Thursday, May 29, 2008

Confidence in estimate for probability of recession

Now that my move to New York City is beginning to wind down, I can refocus on some thoughts that have been percolating in the background. Some people insist that the U.S. economy is already in a recession, but my reading of the data does not concur. I will stick to my recent forecast that there is a 65% chance of the U.S. economy falling into recession in the coming months, but I would like to put some confidence intervals around that forecast. 65% is my "90% confidence interval" forecast, which means that I have a very high level of confidence that my forecast is correct. Traditionally, one provides 90% and 50% confidence intervals. I haven't quantified it before, but my 50% confidence interval is that there is a 35% chance of a recession in the coming months. That 35% chance is my core belief, but I do recognize that there is a huge amount of uncertainty.

More simply, I will say that there is a 35% to 65% chance that the U.S. economy will fall into a recession in the coming months and I lean towards 35%.

The recent economic data has been fairly flat and mixed, but still not "falling off a clifff" as one would expect if the economy had entered a recession back in Novemeber or December or January as some have insisted.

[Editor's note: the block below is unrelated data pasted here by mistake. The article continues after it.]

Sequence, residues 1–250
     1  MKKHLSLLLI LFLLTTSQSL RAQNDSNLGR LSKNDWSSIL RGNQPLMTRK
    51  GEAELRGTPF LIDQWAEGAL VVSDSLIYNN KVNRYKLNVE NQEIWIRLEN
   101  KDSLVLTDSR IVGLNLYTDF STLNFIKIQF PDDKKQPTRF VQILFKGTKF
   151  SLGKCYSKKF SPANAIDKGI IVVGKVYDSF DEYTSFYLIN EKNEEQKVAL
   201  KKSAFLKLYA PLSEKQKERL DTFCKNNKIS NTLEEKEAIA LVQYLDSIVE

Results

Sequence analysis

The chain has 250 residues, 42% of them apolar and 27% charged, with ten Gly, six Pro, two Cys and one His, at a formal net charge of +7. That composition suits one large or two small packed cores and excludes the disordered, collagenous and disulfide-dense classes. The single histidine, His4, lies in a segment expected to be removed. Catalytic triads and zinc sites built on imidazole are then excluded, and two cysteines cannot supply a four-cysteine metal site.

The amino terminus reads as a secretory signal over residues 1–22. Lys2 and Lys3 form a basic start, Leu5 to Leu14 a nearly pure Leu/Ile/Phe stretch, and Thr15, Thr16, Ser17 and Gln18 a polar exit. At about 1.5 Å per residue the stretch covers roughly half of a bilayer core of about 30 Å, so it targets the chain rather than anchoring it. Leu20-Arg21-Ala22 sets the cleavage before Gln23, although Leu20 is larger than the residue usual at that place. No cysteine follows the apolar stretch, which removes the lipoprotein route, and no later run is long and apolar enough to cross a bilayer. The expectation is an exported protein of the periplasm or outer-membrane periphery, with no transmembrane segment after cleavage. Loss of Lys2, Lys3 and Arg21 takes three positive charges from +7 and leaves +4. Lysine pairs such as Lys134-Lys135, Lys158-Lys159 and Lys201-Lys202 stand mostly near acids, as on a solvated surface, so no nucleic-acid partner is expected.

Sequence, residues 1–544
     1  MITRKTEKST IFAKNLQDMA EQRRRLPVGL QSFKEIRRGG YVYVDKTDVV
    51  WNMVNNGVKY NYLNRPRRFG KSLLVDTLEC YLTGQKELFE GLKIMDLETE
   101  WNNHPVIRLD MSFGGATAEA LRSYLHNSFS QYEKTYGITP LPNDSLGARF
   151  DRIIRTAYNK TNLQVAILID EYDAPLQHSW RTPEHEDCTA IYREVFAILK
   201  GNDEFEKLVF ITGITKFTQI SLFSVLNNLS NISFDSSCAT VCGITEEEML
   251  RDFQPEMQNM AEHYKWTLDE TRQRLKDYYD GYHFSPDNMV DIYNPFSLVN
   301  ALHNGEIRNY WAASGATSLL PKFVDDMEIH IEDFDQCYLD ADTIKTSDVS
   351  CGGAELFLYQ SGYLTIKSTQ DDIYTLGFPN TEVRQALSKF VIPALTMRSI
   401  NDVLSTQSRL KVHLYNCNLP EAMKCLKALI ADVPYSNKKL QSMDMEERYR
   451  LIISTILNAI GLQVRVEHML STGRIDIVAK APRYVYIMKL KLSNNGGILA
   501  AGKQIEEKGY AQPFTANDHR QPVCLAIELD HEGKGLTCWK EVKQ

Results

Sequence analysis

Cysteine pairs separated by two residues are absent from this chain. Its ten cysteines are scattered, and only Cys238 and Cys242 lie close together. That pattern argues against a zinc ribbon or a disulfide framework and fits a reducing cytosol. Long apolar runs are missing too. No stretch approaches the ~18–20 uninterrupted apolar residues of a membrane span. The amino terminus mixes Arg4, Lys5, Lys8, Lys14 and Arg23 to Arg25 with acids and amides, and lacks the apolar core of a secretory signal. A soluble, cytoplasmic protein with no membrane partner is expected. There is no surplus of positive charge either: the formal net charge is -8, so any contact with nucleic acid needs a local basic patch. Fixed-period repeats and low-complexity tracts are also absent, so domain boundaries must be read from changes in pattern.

As of Tuesday, May 27, 2008, Reuters quotes Greenspan as saying:

I still believe there is a greater than 50 percent probability of recession. (But) that probability has receded a little and I think the probability of a severe recession has come down markedly.

Actually, the original source is the Financial Times article entitled "Greenspan warns of 'greater than 50% probability' of US recession." FT informs us than Greenspan is actually "puzzled" by the reletive strength of the economy:

He admitted he was puzzled by recent economic data that suggest the economy stopped deteriorating around March. "A recession is characterised by significant discontinuities in the data," he said. "It started off that way - there was a period of sharp discontinuity from December to March. But then it stopped."

Mr Greenspan believes there is a "tug of war" taking place in the economy, with financial sector stress pulling one way and strong corporate liquidity pulling the other. Corporate liquidity is being eroded, but only gradually.

"No one knows how this tug of war will end - specifically, whether the financial crisis will end before it drags down the real economy."

-- Jack Krupansky

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